If You And Your Contracting Party Have Conflicting Terms And Conditions…
If you do business with another company as a company, it happens all too often that you both use general terms and conditions (the so-called 'fine print'). Which conditions apply in that case?
The new contract law will come into force on 1 January next. This contains a regulation in case the general terms and conditions of contracting parties (e.g. customer and supplier, contractor and subcontractor, etc.) are contradictory.
More specifically, the law says that if there are negotiated terms, they take precedence over the terms of the parties. Just think of conditions that are actually in the contract, on the order form or on the quotation.
The new law further says that if the offer and the acceptance refer to different terms and conditions, the contract is nevertheless formed. Both general terms and conditions then form part of the contract, with the exception of the incompatible stipulations.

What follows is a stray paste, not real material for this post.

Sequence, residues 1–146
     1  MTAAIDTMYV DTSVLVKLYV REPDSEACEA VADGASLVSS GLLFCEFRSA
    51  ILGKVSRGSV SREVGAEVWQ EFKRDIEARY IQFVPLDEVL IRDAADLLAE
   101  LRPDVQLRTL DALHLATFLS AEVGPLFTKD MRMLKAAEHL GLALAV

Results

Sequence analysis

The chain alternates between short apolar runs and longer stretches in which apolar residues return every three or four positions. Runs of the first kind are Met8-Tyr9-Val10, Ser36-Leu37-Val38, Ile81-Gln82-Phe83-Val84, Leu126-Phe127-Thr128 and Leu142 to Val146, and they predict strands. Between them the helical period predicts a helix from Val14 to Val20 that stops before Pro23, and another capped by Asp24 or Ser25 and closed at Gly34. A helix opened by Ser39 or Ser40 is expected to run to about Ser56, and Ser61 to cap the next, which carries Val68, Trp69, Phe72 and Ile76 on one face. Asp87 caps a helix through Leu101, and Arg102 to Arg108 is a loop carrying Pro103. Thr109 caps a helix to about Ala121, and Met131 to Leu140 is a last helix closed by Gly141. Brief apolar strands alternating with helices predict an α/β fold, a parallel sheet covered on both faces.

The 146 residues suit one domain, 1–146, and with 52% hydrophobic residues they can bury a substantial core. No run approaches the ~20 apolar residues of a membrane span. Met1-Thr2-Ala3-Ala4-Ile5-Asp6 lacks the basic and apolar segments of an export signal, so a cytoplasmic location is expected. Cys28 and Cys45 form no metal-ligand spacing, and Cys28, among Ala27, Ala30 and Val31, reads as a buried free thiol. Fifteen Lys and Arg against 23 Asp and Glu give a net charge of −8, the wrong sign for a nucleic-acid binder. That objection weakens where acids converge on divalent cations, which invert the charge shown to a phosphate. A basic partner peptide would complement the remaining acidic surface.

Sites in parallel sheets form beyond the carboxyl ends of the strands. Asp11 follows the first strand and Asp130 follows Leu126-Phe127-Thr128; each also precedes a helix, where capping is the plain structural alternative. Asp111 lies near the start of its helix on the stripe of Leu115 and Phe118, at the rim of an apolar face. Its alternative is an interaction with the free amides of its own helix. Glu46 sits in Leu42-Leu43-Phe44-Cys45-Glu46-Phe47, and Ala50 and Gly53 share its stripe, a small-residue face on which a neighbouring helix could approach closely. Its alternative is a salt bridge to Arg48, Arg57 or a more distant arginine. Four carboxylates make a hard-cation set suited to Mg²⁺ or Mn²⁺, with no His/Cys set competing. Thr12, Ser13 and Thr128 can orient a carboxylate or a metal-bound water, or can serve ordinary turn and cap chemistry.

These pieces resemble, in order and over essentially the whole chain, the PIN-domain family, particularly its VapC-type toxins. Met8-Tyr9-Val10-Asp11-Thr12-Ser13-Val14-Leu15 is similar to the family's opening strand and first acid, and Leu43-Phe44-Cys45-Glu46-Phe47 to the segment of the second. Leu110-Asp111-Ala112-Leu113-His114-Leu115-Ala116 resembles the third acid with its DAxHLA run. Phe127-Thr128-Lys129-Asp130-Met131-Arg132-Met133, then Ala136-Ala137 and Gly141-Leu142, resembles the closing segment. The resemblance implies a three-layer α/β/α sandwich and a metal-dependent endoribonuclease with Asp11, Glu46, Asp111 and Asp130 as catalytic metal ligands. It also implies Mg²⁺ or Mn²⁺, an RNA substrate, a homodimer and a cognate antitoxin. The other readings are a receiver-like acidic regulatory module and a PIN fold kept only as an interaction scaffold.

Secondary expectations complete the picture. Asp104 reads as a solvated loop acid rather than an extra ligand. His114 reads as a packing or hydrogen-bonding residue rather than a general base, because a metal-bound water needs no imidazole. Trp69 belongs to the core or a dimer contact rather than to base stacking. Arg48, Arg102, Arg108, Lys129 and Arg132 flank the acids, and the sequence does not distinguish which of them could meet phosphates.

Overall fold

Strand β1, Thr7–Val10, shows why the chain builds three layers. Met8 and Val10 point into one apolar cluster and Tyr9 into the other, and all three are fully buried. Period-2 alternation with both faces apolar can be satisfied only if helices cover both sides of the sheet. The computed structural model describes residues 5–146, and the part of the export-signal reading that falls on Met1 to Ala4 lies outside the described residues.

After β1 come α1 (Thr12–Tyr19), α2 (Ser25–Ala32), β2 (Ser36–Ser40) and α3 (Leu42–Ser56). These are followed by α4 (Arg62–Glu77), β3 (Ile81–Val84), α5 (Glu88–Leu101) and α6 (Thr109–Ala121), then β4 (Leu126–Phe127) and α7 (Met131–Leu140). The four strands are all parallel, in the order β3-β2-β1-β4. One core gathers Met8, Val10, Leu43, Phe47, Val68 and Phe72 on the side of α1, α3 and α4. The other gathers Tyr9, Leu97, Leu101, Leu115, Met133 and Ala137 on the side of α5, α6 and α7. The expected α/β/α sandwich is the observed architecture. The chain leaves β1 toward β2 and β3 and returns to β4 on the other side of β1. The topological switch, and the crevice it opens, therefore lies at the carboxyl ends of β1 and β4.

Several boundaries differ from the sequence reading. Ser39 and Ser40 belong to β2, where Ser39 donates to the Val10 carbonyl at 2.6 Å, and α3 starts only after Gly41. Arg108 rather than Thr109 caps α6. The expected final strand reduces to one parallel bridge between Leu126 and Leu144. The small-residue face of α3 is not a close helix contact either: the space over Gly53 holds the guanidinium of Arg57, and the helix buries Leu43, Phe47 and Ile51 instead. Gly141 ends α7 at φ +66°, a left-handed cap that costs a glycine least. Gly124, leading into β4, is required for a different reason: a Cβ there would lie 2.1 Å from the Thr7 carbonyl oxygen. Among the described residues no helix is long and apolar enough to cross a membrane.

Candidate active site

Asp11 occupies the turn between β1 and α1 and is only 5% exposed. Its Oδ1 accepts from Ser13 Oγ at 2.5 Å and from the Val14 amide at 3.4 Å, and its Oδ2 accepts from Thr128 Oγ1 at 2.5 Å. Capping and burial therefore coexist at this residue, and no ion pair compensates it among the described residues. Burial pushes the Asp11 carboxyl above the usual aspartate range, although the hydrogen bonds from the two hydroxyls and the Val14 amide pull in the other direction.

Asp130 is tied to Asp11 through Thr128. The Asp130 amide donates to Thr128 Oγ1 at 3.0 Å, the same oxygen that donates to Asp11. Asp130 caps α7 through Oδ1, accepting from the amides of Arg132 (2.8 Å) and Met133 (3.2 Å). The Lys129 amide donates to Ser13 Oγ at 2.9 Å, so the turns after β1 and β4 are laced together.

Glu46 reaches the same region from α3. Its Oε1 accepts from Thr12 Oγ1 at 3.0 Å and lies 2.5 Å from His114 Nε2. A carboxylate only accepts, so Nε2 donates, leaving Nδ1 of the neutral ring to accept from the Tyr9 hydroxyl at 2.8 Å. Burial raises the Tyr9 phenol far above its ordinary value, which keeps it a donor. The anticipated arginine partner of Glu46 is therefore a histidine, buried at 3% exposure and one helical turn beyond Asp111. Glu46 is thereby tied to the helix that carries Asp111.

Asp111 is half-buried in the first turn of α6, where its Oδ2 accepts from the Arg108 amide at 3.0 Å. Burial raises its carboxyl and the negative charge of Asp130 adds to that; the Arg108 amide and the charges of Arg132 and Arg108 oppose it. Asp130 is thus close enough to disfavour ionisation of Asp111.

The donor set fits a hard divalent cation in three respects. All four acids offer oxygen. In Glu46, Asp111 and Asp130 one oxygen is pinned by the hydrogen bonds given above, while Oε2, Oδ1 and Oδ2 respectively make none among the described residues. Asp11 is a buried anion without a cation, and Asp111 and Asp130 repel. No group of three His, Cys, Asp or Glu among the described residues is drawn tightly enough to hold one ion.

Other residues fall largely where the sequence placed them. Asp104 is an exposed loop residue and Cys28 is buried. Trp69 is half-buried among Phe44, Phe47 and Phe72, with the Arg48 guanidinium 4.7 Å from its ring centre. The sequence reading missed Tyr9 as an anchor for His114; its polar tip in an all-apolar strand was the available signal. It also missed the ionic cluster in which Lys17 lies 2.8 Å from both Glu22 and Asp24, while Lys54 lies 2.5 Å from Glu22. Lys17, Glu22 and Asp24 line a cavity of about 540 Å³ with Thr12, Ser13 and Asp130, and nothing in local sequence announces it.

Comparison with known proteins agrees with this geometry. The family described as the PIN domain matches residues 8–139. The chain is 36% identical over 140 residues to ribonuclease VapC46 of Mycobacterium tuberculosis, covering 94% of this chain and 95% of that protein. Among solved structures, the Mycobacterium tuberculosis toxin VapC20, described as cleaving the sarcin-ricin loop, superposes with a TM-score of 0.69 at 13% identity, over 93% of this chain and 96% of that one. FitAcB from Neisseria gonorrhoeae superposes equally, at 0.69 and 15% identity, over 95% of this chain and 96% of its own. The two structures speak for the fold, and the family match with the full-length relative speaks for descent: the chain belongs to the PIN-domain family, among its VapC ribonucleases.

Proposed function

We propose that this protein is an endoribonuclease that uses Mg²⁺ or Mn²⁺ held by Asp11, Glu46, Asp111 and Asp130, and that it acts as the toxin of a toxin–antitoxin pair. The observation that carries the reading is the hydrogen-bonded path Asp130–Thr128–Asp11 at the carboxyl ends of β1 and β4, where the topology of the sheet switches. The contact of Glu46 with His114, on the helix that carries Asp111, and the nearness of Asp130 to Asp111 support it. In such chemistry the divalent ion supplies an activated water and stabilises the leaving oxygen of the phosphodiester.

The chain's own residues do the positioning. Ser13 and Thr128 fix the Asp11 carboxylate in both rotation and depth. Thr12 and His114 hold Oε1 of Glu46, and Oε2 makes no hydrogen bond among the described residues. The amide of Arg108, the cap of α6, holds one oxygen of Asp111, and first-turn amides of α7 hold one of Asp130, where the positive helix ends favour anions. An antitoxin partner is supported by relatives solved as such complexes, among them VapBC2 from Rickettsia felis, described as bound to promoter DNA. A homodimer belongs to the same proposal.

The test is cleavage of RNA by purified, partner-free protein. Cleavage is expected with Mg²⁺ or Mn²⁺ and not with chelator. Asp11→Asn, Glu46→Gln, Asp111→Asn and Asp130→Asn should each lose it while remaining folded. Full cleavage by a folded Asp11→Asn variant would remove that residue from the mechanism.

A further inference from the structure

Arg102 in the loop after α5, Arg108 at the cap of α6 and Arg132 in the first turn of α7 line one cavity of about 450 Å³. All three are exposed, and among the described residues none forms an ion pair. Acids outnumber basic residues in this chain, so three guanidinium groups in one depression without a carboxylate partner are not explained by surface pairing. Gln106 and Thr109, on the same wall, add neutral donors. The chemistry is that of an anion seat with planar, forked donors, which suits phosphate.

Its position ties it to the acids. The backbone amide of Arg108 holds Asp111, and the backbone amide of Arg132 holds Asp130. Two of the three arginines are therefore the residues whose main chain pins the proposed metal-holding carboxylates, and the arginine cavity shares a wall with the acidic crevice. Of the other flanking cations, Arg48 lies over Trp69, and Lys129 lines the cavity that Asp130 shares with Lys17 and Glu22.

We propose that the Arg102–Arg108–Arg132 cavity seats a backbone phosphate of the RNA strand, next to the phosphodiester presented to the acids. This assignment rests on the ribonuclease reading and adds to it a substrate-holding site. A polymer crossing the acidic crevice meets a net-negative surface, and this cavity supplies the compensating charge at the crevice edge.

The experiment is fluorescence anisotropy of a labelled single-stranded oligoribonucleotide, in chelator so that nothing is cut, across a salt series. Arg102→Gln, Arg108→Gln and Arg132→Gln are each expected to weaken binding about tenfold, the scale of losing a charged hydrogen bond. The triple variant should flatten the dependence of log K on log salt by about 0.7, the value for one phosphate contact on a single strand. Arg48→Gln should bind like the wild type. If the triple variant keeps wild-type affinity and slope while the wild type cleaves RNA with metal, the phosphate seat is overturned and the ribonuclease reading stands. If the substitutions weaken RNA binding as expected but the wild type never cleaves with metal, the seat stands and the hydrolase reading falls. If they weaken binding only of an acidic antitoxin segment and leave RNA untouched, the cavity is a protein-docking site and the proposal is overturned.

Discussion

However, the contract shall not be formed if either party expressly indicates in advance (or without undue delay after receipt of acceptance) that it does not wish to be bound by such contract, and not by means of terms and conditions.
The new law does not apply to contracts concluded before 1 January 2023. Nevertheless, the provisions of the new law regarding the conflict of general terms and conditions could also have an 'inspiring' effect for those contracts.
Until now, courts have ruled differently in the event of a conflict of general terms and conditions. For example, it was sometimes ruled that neither of the two general terms and conditions play a role because people simply did not agree on that. , let the terms and conditions that were last communicated take precedence or let the terms and conditions of the customer apply.